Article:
Kristin (Sulewski) Oberdorf
James Madison College, 2008
Motivations:I wanted to work in international development and I felt that learning about it in school was only half of the story. The Peace Corps was a way to dive in and immerse myself in a completely different perspective of the world, and of people in the developing world.
Contributions: I was a 7th and 8th grade English teacher (beginner English for students) so I spent much of my time getting involved in the secondary school where I worked. In addition to teaching, I spent time helping my Beninese colleagues improve their own English and English teaching skills and provided English tutoring to some older students.
My favorite thing was the creation of a Geography Club for 7th, 8th, and 9th graders. The club met weekly and focused on a number of different aspects of world and local geography. The students learned the continents and their location on the globe, they learned how to read maps of Benin and their region, and then we moved on to learn about various countries around the world and their different foods, languages/alphabets, traditions, etc. It was great fun!
How did this experience change you? On a professional level, the experience completely shaped and informed the trajectory of my career—and my beliefs around how to make an impact in the world without falling into common "white savior" behaviors. To make a long story short, the real lesson is that as a Peace Corps volunteer you will never understand more than half of what you see around you—and so the only way to even imagine making an impact is to help others unleash their own capacity to make change.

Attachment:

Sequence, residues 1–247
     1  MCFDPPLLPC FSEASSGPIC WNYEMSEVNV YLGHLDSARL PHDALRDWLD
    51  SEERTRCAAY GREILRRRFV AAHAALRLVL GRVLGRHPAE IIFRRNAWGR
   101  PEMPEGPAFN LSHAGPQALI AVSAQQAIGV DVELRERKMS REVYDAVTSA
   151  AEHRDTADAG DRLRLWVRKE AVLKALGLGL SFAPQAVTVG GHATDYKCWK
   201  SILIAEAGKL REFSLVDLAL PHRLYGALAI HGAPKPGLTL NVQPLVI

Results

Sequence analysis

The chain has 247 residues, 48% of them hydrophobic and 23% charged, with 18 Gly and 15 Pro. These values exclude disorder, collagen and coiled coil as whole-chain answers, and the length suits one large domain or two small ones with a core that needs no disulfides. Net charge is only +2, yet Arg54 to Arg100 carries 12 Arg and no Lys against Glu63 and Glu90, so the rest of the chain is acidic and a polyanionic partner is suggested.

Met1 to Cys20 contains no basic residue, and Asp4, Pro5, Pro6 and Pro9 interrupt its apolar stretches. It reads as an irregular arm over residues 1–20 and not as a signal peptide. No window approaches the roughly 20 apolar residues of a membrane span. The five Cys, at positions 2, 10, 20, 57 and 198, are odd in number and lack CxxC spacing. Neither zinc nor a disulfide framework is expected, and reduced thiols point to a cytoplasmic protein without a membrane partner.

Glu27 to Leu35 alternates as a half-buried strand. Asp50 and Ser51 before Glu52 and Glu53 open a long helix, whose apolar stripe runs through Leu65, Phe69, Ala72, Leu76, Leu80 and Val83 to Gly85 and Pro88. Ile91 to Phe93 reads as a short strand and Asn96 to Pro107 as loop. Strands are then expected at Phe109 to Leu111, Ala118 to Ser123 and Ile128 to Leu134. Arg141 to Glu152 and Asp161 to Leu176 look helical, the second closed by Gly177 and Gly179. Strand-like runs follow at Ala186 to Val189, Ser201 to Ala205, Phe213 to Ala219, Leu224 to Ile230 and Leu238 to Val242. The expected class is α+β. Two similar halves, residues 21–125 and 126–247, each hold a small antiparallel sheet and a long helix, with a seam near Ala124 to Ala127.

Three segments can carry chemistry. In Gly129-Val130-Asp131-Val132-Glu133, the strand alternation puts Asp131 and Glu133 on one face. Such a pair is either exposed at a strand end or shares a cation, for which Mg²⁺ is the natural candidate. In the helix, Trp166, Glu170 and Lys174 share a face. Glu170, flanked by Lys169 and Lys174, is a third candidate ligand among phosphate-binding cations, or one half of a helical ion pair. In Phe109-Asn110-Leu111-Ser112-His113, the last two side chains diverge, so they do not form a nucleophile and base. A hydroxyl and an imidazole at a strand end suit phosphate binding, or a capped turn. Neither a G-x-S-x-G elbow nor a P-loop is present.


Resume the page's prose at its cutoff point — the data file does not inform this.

On a personal level, I found strength in me that I didn't know I had. One of the Peace Corps slogans is "It's the hardest job you'll ever love" and any Peace Corps volunteer will tell you that's it's so true. At times it can get lonely, frustrating, overwhelming, and even scary, but at times it is also eye opening, wondrous, and inspiring. You go from the highest highs to the lowest lows and back again, sometimes in the same day! That lead me to find and build my reserves of patience, understanding, and flexibility.
Any anecdotes you’d like to include? My second year as a teacher, my mom had found and sent me some coloring book pages for teaching basic English. One was a simple color-by-number picture of a rainbow—which I thought was perfect for my basic colors lesson. So I brought in a bunch of markers and crayons to class (which students don't really have access to at home, so they were very excited) and was very proud of myself for giving them such a fun activity to practice their colors. Once everyone had finished coloring I asked the class if they could recognize what the picture was and they all shouted "yes, yes, yes!" One student raised his hand and said "Yes Madame, it’s the evil serpent from the sky!" Turns out rainbows are considered evil spirits in Benin. Oops!